Adoption and cohabiting

Some of the confusion surrounding the
stability of non-married couples – and therefore their suitability
to adopt (news analysis, 16 May) -Êcan be clarified by looking
in more detail at what statistics tell us.

Research has shown that while cohabiting
couples as a group are more likely to break up than married
couples, this is because within the cohabiting population there is
an over-representation of people with a previous history of
relationships, either cohabiting or married. Those with such a
history are more likely to see their current relationship break
down even if it becomes a marriage.

But another type of cohabitation – where the
relationship is the first such partnership for both partners – is
seemingly as stable, in general, as marriage. What social workers
need to be looking at, therefore, in assessing any couple for
adoption, is the previous relationship history of the partners. If
there has been a sequence of marriages and cohabitations then the
lights should at least go to amber.

Lorraine Harding
University of Leeds

Skills gaps and housing

Anna Coote (Perspectives, 16 May) is right to
question the government’s wider agenda. But her argument that there
is a lack of qualified nurses is certainly not true in central
London and much of the south east.

The reason we have staff shortages here is
that qualified nurses, doctors and ancillary workers cannot afford
to live within commuting distance of their work.

The ability of housing associations to build
key-worker housing is limited by shortage of space and financial
constraints arising from high property prices.

Pressure is acute on all housing providers to
prioritise allocations for vulnerable and homeless people. Until
the urgent need for affordable housing for those in work moves
higher up the government agenda staff shortages in the public
sector will remain unresolved. This can only lead to a lack of
services and longer waiting times.

Jane Turner
Chairperson, Inkerman Housing Association,

Councils’ fees must rise

Our organisation, an independent child care
provider, is experiencing severe problems in providing our services
to local authorities.

First, we are experiencing great difficulty in
obtaining payment of our invoices. This appears to be getting
worse. Despite the government setting targets that invoices should
be paid within 30 days of receipt, we continually have to chase
these invoices. This chasing is expensive and this month for the
first time we have applied an administration charge to late
invoices as we can no longer continue to subsidise local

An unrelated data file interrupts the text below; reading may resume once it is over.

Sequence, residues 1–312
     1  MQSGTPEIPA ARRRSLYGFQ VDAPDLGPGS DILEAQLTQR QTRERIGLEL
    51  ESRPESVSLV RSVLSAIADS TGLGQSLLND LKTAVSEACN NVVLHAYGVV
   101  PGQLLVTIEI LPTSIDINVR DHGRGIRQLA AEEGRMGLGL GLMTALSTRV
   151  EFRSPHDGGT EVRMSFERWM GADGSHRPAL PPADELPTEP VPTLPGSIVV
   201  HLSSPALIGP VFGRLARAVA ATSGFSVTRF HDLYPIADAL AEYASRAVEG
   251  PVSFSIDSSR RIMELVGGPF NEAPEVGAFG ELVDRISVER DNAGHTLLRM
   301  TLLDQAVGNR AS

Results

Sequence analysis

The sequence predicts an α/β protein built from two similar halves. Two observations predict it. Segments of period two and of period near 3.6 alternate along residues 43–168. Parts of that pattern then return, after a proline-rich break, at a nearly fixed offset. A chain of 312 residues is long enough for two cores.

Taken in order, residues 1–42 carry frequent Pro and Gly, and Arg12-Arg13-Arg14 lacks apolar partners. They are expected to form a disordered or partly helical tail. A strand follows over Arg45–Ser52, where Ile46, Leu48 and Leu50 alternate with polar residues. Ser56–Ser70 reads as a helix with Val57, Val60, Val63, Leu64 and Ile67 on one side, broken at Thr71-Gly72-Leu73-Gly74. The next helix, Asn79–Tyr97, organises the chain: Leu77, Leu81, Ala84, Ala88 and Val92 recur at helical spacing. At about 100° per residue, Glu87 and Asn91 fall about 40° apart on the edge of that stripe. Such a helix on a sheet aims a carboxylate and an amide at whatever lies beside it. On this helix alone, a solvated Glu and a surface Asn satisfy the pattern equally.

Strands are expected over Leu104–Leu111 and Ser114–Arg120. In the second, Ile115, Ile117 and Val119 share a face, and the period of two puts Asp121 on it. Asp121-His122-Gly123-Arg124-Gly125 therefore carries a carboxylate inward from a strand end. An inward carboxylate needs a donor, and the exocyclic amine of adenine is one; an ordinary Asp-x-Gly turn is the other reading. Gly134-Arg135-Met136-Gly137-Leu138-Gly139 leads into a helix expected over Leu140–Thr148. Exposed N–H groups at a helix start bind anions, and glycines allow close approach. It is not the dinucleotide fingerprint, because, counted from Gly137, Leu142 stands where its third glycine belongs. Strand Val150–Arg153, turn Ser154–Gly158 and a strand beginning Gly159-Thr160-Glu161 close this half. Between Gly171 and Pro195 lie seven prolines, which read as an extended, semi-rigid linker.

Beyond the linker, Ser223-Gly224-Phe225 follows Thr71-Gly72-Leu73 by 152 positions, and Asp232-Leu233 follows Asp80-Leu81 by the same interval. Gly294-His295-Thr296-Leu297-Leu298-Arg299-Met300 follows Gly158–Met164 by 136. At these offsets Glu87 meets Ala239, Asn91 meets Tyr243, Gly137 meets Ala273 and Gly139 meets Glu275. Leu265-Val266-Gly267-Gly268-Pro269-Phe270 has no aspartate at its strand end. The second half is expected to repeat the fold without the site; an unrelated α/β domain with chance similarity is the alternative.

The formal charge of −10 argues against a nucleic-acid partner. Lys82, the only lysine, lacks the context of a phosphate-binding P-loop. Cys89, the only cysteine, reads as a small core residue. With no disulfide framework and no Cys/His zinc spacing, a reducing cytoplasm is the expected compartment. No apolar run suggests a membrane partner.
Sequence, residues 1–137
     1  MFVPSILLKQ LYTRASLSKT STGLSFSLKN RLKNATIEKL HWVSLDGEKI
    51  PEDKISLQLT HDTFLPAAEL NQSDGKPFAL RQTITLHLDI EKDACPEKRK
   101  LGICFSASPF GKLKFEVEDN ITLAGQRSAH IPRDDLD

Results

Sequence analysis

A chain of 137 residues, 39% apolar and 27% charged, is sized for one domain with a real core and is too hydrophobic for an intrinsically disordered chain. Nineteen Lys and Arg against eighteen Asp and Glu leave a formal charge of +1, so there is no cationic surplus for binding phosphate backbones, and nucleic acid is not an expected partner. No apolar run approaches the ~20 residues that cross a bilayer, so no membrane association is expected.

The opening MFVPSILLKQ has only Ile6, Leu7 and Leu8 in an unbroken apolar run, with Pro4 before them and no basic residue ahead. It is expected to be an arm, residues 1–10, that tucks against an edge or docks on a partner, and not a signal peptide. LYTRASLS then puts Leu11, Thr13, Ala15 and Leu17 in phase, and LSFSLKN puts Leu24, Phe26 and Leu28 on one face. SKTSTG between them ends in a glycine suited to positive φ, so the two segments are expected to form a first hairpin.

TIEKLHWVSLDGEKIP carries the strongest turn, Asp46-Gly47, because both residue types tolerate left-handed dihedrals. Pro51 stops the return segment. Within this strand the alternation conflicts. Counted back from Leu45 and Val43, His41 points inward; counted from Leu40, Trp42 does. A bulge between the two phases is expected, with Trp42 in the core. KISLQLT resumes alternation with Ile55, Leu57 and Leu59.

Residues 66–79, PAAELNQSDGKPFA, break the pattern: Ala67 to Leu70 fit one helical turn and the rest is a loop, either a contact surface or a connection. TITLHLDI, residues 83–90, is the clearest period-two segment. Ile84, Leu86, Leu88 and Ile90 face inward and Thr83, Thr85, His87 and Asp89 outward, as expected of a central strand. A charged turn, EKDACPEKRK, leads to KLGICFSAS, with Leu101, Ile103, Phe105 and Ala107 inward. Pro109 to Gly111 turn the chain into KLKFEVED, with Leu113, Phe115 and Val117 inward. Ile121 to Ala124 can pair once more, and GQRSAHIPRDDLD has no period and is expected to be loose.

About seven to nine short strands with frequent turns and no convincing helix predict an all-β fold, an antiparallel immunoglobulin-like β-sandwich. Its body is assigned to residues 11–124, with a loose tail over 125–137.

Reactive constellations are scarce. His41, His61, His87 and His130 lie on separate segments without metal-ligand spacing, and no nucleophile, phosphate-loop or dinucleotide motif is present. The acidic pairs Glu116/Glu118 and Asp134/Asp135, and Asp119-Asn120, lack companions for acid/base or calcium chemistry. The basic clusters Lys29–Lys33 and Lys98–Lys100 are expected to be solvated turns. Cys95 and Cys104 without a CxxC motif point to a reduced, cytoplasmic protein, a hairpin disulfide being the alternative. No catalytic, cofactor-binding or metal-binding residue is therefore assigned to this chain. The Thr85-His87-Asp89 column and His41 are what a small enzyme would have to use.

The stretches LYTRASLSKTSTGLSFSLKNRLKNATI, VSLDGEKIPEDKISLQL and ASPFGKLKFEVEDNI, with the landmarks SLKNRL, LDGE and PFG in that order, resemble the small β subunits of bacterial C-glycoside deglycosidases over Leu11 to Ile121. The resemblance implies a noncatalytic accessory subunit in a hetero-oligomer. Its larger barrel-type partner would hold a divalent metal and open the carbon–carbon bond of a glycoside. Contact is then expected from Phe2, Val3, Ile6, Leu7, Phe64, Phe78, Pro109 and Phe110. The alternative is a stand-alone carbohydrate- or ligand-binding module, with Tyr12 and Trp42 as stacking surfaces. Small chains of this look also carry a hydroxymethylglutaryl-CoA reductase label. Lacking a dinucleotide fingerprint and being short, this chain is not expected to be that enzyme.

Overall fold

authorities in this way.

In addition to the cost of additional
administration time and increased phone bills we also find
ourselves having to pay increased bank charges because of the
negative effect of late payment on cash flow.

Local authorities need to realise that we too
have to pay our suppliers and we struggle to pay on time owing to a
large part of our income regularly being paid late.

Late payment is not our only problem. We also
have to contend with councils who ignore our fee increases and
write back stating what they will pay – an amount that bears no
relation to what it costs us to provide the standard of care they
want for the children placed with us.

We may not be able to afford to stay on
approved provider lists of authorities in cases where realistic
requests for increases in fees are rejected.

It has always been our preference to work in
partnership with local authorities and consequently we joined the
pan-London contracting process. However, we have had to fight to
obtain fee levels that cover our costs. We have now been successful
but the process has been time-consuming and expensive.

I appreciate that local authorities struggle
to make their budgets balance but there appears to be reluctance on
their part to acknowledge that we too have rising costs. The
national shortage of people wishing to work in the social care
field has affected independent sector recruitment and retention
costs in the same way as it has for local authorities. The rising
cost of registration standards has added to these costs along with
the introduction of minimum national training standards.

I am aware of a recent case in the adult care
market that resulted in a successful court action against a local
authority who were not willing to pay the level of fees set by the
care provider. I am sure that all providers of children’s
residential care have noted this development with interest, as I

Carol Lander
Managing Director,
Five Rivers Holdings Ltd

Fathers and donors

Your editorial comment (23 May) on sperm
donation indicated reserved support for the child’s right to access
the donor’s identity.

It seems indisputable that it is detrimental
to a child if their parents deliberately withhold the truth of
their origins. A minimal step towards greater honesty would be a
legal requirement to enter “donor” on the birth certificate to
indicate parenthood.

At the other end of the spectrum for
consideration is the problem of paternal obligations and the
definition of “fathering” when sperm can be inserted without the
man’s consent. Cases in the news have identified DNA testing
without knowledge, sperm being used (frozen) from a deceased person
and allegations of sperm from oral sex being used for artificial

Serious attention must be given to the legal
issues of paternal responsibility and the verification of

Neil Leighton


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